The Songs of Angry Men

Can Les Misérables help us understand why some revolutions succeed and others barely get off the ground?

On a freezing Kansas afternoon, I dragged my mother to a palatial suburban movie theater to see the only holiday event I really cared about -- reliving the tragic tale of history's most musical revolutionaries. Most viewers left the showing of Les Misérables discussing Anne Hathaway (good), Russell Crowe (bad), and Sacha Baron Cohen (ugly) -- but as a student of political violence, something else caught my eye. I was more interested in the structural integrity of the barricades and the poor substitution of tenors for tactics.

The history of Paris is a history of revolutions -- 1789, 1830, 1848, 1870, 1968. For reasons known only to Victor Hugo, Les Mis is set during the lesser-known June uprising of 1832, an anti-monarchist rebellion that was crushed by King Louis Philippe I. The movie offers more than tragic romance and soaring ballads -- it provides a blueprint for understanding the relationship between cities and violence.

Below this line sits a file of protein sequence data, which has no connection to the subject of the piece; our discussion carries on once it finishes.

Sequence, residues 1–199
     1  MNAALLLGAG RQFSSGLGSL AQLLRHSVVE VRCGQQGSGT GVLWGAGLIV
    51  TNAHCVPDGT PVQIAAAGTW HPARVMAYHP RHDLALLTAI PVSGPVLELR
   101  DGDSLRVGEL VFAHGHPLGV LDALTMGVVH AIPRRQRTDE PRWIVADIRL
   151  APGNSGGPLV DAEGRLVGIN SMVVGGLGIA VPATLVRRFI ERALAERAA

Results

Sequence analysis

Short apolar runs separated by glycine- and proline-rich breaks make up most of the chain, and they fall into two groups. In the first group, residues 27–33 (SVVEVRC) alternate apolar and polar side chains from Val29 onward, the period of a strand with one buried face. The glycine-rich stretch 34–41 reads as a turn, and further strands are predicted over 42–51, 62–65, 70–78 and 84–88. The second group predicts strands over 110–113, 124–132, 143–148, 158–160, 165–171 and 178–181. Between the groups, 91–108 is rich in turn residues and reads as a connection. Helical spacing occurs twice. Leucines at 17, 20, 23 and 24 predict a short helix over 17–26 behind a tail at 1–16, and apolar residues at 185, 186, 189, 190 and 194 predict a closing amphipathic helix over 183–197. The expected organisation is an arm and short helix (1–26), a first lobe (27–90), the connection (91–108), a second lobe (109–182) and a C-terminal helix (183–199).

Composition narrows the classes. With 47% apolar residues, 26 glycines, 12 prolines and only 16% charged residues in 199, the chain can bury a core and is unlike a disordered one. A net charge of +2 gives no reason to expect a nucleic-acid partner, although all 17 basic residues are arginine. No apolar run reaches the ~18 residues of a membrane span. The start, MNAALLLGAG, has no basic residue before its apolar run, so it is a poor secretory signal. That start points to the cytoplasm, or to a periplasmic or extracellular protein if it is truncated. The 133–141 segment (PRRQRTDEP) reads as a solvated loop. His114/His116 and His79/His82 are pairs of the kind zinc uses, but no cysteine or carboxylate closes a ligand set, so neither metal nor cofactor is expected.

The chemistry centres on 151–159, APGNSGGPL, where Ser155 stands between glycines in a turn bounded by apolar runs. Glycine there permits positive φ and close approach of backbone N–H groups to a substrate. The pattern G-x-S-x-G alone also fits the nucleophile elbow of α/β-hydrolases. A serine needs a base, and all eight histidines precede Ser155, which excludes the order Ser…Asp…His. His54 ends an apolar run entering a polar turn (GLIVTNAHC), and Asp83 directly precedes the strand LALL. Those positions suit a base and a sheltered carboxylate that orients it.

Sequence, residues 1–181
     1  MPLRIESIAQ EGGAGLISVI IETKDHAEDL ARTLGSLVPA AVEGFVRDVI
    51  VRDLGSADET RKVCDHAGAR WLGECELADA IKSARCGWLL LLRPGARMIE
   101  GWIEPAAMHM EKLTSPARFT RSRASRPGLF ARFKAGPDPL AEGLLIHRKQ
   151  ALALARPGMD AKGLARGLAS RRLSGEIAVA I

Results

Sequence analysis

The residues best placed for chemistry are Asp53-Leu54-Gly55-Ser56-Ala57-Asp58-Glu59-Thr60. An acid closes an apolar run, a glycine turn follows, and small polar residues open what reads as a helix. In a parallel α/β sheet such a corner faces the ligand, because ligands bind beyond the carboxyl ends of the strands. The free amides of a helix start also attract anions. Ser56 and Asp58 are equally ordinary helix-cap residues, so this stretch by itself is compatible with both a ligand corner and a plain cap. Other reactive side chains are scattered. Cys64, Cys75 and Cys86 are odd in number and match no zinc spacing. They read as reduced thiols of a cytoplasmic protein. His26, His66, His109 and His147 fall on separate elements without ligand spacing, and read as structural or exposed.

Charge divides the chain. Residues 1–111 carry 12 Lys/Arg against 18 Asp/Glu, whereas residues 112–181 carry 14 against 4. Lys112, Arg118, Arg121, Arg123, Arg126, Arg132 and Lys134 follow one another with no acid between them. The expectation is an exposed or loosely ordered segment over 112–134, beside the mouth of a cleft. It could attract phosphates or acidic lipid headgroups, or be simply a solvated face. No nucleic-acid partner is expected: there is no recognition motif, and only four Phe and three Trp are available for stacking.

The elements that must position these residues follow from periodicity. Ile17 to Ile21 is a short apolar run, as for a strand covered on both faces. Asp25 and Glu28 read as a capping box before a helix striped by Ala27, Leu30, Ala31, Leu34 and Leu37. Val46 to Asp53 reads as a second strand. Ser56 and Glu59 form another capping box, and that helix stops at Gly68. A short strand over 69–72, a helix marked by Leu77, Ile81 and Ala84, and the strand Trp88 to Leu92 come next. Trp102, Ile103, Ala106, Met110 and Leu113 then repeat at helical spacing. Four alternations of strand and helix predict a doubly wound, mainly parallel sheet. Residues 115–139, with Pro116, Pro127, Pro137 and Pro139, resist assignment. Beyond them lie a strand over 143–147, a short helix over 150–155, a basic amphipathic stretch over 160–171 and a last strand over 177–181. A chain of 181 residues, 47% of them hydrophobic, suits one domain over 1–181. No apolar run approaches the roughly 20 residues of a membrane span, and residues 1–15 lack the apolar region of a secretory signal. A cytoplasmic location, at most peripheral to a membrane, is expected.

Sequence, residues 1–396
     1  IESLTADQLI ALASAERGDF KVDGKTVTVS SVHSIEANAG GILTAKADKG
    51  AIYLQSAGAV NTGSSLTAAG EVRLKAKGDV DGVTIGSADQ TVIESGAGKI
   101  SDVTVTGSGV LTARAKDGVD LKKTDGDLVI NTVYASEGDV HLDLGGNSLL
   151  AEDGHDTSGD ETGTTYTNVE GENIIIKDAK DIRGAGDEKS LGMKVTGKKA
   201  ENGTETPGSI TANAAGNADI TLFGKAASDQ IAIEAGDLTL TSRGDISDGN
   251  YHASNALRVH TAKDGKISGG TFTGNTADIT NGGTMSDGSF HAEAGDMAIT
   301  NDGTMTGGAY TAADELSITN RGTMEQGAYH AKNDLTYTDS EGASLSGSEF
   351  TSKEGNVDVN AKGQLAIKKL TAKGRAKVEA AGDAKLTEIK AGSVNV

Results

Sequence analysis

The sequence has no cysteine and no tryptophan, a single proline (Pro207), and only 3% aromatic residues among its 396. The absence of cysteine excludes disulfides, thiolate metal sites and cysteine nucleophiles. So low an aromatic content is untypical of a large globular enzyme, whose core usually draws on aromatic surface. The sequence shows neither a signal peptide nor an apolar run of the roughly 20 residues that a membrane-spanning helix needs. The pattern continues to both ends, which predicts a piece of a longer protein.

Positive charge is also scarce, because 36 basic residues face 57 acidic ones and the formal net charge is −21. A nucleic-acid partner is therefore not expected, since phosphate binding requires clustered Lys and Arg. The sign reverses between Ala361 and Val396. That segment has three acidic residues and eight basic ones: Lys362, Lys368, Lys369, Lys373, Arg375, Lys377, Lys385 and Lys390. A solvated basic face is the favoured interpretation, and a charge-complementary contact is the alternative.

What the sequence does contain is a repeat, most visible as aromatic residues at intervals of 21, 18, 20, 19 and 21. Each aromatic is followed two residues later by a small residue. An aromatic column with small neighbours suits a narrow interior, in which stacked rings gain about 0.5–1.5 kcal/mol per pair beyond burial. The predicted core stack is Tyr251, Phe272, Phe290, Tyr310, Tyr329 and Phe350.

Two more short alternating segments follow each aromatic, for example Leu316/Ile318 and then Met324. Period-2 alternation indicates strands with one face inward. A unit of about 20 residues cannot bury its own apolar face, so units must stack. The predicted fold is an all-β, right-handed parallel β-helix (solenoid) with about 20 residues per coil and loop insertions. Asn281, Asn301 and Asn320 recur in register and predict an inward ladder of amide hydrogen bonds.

Means, motive, opportunity

Why do some revolutions succeed, while others barely get off the ground? Many of the academic debates surrounding civil wars and insurgencies boil down to the relative weight of the opposing factions' resources (means), grievances (motive), and political openings (opportunity).

The revolutionaries in Les Mis don't lack for grievances. The revolution of 1830 had ended Bourbon rule in France, but disappointed both those who wanted to forge a republic and those who wanted the restoration of a Bonapartist regime. In addition, Paris was plagued by pervasive unemployment, censorship, poor public services, and a growing gap between factory owners and factory workers. But unwashed masses do not a revolution make -- it was comparatively middle class Parisian students who led the 1832 uprising.

As the street urchin Gavroche makes clear in Les Mis, the students are afforded a compelling opportunity for their revolt: the public funeral of Gen. Jean Maximilien Lamarque, one of the most prominent anti-monarchist figures in France at the time. Co-opting public events and demonstrations is a standard tactic for urban uprisings -- which is why, for example, government censors in China tolerate criticism of the regime but not calls for public gatherings or protests.